It’s one thing to create a worldview passively, and another to take conscious and active control of your worldview. To do so would mean that you, from that point forward, will have more and more awareness (and thus control) over your thoughts. With enough practice, you can begin to rewrite old beliefs, including those instilled in us since childhood through religion. You can replace those old beliefs with new ones—ones that you’ve given proper thought and attention toward in your pursuit of a worldview that is right for you.
Whether you like it or not, your worldview impacts each and every thing you do. It is the summation of your life experiences wired deeply into your brain. It holds sway over your temperament, your ideas around love, your level of humility, and more. To take control of this, your entire personality, is to declare your sovereignty to the world—to say you are done taking religious views at face value or philosophical views without consideration for spirit. To begin developing your own worldview is nothing short of an awakening, an emancipation that will free you to seek out new worldviews, new ways of behaving and believing, and new paths to fulfillment.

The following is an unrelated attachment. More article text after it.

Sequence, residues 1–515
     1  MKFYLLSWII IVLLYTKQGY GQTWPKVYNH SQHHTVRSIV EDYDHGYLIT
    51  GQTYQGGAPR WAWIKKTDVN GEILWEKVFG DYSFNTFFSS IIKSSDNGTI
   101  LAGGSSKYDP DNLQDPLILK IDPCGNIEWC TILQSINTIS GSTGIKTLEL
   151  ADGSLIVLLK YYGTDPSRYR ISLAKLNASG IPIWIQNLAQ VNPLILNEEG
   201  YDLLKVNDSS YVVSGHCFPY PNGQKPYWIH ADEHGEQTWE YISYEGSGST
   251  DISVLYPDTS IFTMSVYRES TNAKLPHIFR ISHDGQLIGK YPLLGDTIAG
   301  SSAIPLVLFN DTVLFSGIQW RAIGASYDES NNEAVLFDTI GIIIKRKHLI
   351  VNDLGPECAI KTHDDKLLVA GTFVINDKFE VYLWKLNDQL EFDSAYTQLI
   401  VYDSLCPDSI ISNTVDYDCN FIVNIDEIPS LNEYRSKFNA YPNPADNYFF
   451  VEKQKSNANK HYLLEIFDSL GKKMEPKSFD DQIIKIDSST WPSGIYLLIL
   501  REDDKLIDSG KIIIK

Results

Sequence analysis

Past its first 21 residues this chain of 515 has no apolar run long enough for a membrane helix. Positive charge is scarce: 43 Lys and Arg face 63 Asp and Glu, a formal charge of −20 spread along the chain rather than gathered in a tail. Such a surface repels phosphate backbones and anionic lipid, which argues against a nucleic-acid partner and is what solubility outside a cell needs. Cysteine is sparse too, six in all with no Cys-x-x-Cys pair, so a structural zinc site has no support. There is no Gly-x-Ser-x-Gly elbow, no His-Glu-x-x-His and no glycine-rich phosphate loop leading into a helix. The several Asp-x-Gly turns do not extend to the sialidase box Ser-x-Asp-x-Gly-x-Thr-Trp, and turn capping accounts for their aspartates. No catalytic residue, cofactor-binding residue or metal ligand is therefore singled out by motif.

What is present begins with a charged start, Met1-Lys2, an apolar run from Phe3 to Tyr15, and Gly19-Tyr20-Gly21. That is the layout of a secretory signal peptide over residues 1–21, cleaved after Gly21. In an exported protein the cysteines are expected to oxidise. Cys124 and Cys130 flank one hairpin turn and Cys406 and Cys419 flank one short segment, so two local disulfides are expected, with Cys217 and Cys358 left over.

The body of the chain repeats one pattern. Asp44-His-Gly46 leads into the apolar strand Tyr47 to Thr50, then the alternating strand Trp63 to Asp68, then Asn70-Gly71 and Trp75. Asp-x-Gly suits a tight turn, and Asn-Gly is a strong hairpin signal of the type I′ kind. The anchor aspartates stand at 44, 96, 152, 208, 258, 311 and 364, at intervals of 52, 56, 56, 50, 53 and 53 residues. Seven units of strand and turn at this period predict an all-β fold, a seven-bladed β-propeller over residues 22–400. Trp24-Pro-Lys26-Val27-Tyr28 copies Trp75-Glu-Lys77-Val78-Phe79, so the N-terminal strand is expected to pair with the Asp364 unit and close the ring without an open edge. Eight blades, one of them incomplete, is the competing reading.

The schools of philosophy and scriptures of religion are yours to explore. Dive deep and dive honestly. Pull yourself towards ideas, stories, and people who spark your curiosity. Challenge yourself and others to ask “why?” more often. If you do this for long enough, you will begin to find your own path—a path that leads to your own form of enlightenment.
Consider the following questions. Do some of them feel right for you? Do some of them make you feel uncomfortable? Be honest with yourself and answer truthfully—it is just you reading right now.
- What decisions did I make when I was young that I wouldn’t make today—but which are still affecting my daily life?
- Have I put in the time to develop my spiritual life? If not, what is holding me back?
- Do I judge others who practice their spirituality openly?
- Do I judge others who bring a cold, calculating, logical approach to life?
- Who is one person I know who has a different worldview than my own, and what can I learn from them?